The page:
EPM in the Cloud—Overcoming the Resistance

By Jack Guarneri

EPM-in-the-Cloud

In the far distant past (OK, just a few years ago) prospects would balk at the idea of EPM in the Cloud. Putting key company information, like the kind contained in an EPM solution, into the Cloud was considered too risky. Things sure have changed: the Cloud, as a means to do everything—from data storage, to playing music, to business application hosting—is as much a part of our technology ecosystem as the phones in our hands and the laptops on our desks. Along with this, firms have become dramatically more willing to use a subscription model for the purchase and management of (cloud) solutions. Indeed, “cloud-based” and “subscription service” have come to mean pretty much the same thing in respect to business applications.

Here’s some hard evidence concerning how in-the-cloud business systems have gained acceptance: Dynamics 365, Microsoft’s cloud-based enterprise resource planning (ERP) and customer relationship management (CRM) applications, grew by 61 percent year over year in Microsoft’s Q4.

And yet…there seems to be a lagging sector of the market, where the Cloud is not so prominent: applications related to Enterprise Performance Management (EPM). That’s the umbrella term for mission-critical, collaborative solutions for budget planning, forecasting, consolidations, “what if” analyses—in sum, precisely the kinds of things that firms around the world mash-up in massive and ghastly spreadsheet-only models.

It’s this very fact—“the Excel-ness” of these tasks—that may hold the key for explaining why the Cloud hasn’t caught up. It’s also a great argument for why a cloud-based subscription service makes the most sense for the EPM market, like what Business Intelligence Technologies offers.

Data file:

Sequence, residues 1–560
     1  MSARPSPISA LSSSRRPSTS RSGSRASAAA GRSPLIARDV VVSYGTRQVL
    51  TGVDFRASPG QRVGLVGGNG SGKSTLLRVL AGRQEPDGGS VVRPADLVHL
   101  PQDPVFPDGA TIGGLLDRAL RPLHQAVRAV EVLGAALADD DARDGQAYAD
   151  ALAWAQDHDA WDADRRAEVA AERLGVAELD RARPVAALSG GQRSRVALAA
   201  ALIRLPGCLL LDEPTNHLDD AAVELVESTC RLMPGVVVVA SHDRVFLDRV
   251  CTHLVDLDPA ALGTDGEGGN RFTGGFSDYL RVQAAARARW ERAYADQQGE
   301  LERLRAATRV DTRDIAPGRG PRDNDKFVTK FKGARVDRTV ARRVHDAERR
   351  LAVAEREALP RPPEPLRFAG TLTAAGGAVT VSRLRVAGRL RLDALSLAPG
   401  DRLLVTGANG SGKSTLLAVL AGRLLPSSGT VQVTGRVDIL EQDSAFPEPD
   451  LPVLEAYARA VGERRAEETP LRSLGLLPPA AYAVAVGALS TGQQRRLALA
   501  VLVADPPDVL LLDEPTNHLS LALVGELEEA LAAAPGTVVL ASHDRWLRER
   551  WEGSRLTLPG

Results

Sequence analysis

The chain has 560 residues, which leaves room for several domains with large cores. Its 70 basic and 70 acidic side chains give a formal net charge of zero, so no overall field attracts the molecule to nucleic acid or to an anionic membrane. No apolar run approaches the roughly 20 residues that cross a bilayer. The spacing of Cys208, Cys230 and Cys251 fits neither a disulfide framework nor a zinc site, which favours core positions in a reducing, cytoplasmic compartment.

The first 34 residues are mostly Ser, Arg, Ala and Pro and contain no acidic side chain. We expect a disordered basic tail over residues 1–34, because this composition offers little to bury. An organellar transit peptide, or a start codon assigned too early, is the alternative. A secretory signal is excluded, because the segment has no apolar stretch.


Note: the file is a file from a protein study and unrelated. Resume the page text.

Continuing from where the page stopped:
Let’s first briefly examine why “EPM in the Cloud” makes great sense. These are arguments for cloud-based services for all kinds of business applications—but we’ll touch on their relevance to EPM-in-the-cloud in particular:

  • Lower cost – risk mitigation — By definition, a subscription service concerns payment spread over time, rather than—with a typical on-premise system—made entirely up front; you might even get an offer to obtain consulting services baked into the fixed monthly cost. And though you are likely be required to sign up for, say, 12 months minimum, if things go south, you won’t be tied to a fully purchased albatross. Looking at it more optimistically: for EPM cloud solutions, you’ll learn, at a minimum, to get an expert’s insight on at least one component of your EPM eco-system, which you can build on by adding complexity, often an enticing incremental cost.
  • Security — If any kind of business application is crying out for a centralized, secure database—almost certainly more secure in the Cloud than on laptops or your LAN—it’s an EPM system. Businesses now understand that they stand to gain by losing the thousands of disparate files, so often emailed, frequently out of sync and always at risk.